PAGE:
This is what happened to Fawzeya. The most surprising part of this very young Palestinian girl’s story – who misses part of her leg muscles after it was torn apart by an explosive bullet while she was walking out in the open – is the absence of heinous words or desire for revenge against the unknown soldier who shot her like a sitting duck. She almost died and – irony of this crazy situation – her leg was saved by an Israeli surgeon. Other children were not so lucky and others turn their pain into a tenacious hate, making them unable to express other wishes than to die as martyrs. Where is the burst of humanity that would make it possible to tackle the absurd logic of this pointless war, where such unequal forces are opposed one to the other?
For it is the disequilibrium, the daily humiliation of land and freedom-deprived Palestinians that breeds this terrorism which we cannot understand, with people sacrificing themselves in one last refusal of a dreamless future or a fair solution. However, one cannot tolerate that this ultimate weapon – the weapon of the desperate –also strikes the women and children living on the other side of the wall.
At the Gaza hospital, the rehabilitation room is filled with children and teenagers mutilated during the most violent episodes of the Intifada. It is the story of David and Goliath, but upside down. After each confrontation, shredded beings lie in the dirt. And every time it mutilates the Palestinian youth, the Israeli army strengthens the feeling of injustice, and lessens the probability of a process towards peace; for children are the heart of every Nation, and also the future of what it hopes for…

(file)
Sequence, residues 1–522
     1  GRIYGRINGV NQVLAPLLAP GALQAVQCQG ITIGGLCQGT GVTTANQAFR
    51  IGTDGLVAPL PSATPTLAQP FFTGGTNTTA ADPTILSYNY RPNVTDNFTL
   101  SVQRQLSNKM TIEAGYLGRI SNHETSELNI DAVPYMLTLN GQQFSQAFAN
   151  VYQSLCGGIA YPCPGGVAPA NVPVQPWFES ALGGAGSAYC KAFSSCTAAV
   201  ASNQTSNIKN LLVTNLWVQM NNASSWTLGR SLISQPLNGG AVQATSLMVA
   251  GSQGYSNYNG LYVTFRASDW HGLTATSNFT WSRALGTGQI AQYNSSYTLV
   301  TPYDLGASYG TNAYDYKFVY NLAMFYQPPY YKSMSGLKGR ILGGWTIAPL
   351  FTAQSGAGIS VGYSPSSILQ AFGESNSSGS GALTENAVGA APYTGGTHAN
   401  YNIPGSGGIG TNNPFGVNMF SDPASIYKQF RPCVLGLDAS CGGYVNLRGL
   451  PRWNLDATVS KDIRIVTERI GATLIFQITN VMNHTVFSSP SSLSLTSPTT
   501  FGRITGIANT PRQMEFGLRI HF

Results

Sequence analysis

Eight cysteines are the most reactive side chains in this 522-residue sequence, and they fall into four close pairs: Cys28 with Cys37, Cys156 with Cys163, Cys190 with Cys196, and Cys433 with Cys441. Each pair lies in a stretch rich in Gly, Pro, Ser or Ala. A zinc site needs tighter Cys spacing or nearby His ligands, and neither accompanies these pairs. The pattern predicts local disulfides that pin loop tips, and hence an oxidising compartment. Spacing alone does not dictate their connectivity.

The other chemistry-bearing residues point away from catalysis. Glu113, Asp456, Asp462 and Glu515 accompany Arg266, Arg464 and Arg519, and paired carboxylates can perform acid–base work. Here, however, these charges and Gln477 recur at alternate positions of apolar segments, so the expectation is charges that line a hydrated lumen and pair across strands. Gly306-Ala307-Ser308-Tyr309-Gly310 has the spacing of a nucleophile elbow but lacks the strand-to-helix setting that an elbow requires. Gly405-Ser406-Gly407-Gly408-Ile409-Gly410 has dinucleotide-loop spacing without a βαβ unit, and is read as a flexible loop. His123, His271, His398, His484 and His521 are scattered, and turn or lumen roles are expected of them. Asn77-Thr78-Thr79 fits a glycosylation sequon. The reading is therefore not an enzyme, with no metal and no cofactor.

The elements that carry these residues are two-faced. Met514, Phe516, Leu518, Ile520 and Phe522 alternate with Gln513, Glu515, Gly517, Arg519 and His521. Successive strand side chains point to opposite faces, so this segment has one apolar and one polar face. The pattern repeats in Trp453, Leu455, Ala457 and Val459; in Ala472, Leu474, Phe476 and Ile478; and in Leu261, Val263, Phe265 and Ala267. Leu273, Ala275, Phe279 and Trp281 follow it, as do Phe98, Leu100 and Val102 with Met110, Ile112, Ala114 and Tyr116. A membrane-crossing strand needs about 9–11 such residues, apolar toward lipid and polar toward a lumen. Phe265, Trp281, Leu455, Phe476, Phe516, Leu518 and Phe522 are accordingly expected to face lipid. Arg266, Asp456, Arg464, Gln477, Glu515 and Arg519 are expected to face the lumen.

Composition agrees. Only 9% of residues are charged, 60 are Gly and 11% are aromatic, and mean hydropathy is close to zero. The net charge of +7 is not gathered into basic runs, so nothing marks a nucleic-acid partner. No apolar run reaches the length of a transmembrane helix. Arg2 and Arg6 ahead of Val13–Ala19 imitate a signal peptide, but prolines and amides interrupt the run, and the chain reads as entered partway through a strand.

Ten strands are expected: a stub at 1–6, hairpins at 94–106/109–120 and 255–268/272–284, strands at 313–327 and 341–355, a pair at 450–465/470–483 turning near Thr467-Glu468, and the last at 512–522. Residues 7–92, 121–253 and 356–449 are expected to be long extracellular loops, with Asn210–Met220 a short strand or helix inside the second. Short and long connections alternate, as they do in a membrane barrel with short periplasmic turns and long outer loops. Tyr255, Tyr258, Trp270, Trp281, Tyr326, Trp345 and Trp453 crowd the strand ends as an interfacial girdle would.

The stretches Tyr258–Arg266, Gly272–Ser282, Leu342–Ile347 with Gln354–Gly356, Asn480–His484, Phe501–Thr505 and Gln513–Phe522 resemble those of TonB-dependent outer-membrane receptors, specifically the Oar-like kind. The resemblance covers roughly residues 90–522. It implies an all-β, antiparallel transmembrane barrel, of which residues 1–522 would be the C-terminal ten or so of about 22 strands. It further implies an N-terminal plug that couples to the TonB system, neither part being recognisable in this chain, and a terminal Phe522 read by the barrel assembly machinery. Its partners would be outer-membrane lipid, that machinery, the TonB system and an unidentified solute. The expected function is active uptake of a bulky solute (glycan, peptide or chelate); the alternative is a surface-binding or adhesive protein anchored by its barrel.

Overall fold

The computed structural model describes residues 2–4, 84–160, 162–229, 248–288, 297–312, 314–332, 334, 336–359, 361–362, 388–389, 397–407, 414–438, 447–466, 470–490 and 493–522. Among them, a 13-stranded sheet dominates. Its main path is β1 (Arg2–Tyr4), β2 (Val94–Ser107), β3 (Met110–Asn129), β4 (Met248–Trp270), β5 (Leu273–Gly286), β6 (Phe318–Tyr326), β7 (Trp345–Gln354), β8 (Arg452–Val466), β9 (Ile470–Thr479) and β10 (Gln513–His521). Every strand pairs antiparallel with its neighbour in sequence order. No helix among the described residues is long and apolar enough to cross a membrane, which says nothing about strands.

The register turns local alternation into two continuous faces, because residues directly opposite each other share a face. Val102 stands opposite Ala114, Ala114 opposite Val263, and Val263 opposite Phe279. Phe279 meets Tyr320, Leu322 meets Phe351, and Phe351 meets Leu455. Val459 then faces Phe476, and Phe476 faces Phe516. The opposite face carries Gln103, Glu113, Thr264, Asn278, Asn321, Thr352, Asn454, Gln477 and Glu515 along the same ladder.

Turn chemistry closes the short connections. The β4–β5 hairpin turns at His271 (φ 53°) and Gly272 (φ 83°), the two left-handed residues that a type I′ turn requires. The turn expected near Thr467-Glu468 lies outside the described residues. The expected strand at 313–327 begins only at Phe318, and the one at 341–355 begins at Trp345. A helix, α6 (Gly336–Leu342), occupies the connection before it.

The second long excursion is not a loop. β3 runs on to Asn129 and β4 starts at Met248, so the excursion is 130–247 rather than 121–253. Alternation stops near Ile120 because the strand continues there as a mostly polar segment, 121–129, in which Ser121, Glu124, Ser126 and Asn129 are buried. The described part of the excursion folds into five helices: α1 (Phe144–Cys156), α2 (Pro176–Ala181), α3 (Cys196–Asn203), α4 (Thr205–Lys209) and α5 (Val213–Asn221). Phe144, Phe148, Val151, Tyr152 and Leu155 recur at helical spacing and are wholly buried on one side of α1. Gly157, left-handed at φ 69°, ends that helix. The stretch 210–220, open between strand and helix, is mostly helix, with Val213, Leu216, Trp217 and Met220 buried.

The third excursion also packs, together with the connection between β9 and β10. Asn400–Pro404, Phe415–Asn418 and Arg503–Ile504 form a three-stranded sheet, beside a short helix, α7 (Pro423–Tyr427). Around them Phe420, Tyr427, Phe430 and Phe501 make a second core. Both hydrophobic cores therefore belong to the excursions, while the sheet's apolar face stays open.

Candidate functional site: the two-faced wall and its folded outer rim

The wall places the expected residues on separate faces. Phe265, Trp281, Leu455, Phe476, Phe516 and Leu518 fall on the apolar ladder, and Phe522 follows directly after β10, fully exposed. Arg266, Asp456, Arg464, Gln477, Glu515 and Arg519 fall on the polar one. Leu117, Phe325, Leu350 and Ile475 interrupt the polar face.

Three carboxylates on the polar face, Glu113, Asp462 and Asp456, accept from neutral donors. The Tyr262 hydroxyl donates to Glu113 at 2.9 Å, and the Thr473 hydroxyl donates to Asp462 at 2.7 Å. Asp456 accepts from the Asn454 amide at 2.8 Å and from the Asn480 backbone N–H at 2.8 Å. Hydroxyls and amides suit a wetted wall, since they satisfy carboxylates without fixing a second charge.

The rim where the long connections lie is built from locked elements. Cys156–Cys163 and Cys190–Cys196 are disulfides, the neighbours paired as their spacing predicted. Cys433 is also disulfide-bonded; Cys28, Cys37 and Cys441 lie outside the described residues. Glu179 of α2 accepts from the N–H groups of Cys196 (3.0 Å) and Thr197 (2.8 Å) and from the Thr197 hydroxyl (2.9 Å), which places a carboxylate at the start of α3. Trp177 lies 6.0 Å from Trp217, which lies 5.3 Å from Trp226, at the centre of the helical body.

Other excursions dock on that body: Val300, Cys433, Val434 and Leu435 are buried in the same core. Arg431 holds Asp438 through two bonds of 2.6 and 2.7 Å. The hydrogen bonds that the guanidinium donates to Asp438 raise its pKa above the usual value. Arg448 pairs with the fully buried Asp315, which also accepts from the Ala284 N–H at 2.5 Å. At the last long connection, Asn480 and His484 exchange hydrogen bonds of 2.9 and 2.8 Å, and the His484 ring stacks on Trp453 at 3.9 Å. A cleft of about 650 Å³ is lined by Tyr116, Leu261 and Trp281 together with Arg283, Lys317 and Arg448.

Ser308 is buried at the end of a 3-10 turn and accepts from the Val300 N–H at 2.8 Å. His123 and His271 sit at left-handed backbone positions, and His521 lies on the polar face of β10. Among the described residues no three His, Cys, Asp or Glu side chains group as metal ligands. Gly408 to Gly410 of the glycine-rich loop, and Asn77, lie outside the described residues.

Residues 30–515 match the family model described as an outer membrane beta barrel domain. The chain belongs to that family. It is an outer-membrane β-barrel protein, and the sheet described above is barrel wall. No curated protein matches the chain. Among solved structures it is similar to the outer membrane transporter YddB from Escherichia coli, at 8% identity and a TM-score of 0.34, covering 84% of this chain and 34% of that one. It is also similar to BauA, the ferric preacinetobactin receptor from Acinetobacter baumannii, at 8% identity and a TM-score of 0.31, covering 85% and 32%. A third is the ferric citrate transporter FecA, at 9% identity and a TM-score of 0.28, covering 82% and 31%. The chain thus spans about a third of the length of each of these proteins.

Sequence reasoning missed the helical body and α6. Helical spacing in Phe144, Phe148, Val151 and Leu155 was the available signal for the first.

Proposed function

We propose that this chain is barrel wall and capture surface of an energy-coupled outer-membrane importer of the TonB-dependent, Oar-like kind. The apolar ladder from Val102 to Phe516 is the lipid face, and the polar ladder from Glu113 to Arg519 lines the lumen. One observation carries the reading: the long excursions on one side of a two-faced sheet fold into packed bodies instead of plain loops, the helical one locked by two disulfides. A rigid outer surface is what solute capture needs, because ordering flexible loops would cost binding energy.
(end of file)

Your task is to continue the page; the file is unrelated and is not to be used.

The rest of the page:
In Gaza alone, thousands of them bear in their flesh the terrible scars of these confrontations. And yet, contemplating daily life in the street, one does not see disabled people begging for the necessities of life, like in other conflict-affected areas. Because beyond the uncertainties, frustrations and sufferings, there remains a firm resolve to live normally, in spite of everything. Discussing technical issues with the medical teams we support – who can appreciate the ravages of this endless war – one gets the feeling that our contribution will remain modest. They are sure to know the solutions they need, and the community solidarity with the families affected by disabilities is remarkable. What associations of persons with disabilities expect from us is a contact with the outside world, as well as knowledge regarding integration, accessibility and protection of their rights, despite a powerless and obviously dysfunctional Palestinian authority.